Brighton SEO

Last Friday I made the trip down to BrightonSEO and what a fascinating time I had. I’d like to share a small selection of those insights here.

As a WordPress design/hosting company we are obviously very much aware of the overall landscape of SEO, though I make no bones that we don’t do deep dive SEO activities such as keyword research etc – when clients need those activities, we have trusted partners we can recommend.

That aside, it’s really important that Glass Mountains maintains a broad view of everything that’s going on relating to websites. Which means that, whilst we’re not looking to be SEO agency, forewarned is forearmed – we always want to be in the best position to offer recommendations to our clients; allowing them to focus on their business instead.


That being the case, I’d like to run through some of our key takeaways from the conference.

Disclaimer: the conference is huge! 4,000 people attending and there were eight (yes eight!) tracks giving just under 90 talks in all. Suffice to say, unless you can be in multiple locations at the same time, you simply cannot see them all, so this is very much a personal view of the conference.

In particular we were impressed with talks from Greg Gifford, Tim Soulo, Becky Simms, Kenda Macdonald, Rory Tuesdale, and Paige Hobart. Rather than trying to summarise each talk, I’ll present some of the themes which kept on coming up.

Write for Humans

Many people look for a shortcut to writing web copy; thinking there is some magical pixie dust which, if they sprinkle enough of it on their web copy, will immediately boost their website to #1 in Google; sadly the world is fresh out of pixie dust!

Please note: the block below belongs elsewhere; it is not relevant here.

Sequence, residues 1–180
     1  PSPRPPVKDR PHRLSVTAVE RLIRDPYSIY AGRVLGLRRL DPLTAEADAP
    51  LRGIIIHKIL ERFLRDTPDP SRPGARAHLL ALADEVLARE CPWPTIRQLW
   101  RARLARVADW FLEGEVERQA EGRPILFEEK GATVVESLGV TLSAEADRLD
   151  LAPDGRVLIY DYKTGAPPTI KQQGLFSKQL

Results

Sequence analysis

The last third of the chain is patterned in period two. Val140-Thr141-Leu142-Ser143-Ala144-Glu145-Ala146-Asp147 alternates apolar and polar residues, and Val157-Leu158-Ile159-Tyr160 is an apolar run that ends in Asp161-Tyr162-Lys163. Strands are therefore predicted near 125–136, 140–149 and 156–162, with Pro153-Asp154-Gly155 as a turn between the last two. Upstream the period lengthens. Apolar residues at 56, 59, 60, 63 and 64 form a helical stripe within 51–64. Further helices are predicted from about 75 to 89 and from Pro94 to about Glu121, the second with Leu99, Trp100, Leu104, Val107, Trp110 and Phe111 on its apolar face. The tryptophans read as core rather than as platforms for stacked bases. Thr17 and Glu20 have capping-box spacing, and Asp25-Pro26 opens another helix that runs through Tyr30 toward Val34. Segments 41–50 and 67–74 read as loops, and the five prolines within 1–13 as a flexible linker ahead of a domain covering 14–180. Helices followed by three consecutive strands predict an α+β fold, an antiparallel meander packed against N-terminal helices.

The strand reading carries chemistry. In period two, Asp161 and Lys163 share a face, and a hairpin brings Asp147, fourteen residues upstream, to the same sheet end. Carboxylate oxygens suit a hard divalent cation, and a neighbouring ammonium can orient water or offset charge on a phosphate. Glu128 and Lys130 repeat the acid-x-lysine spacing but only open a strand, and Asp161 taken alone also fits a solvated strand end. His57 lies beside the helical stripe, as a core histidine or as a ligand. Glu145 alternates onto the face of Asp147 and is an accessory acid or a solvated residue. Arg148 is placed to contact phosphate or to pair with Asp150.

Instead, what needs to happen is for people to write copy in clear language that succinctly conveys their messaging. Messaging that addresses the problems which the reader may have. That’s not to say copy has to be simple; no, it needs to be at the appropriate technical level for the desired audience. The language you use to explain to a child how to tie their shoe laces is different to a technical blog post about the industrial production techniques for manufacturing ultra thin fibres.

Also, the days of stuffing more and more keywords into your website text in the blind hope of influencing Google, are increasingly long gone. That’s not to say that keyword research is therefore over, No. But we do have to be aware of the fact that there is more to top search engine rankings than simply ticking off a list of words which your competitors use: if it doesn’t read well to your audience, you’ve thrown the baby out with the bath water.

Structured Data

When Google first started, their search engine (which matches the queries that people type in, to search engine results listing out web pages), was fairly primitive. So primitive indeed that it didn’t initially understand the context of words and what they related to. For instance, it wouldn’t understand an ocelot is cat.  So if you were searching for pages on wild cats, a page about ‘ocelots’ would be harder surface, because Google didn’t know they were related.

A (beautiful) Ocelot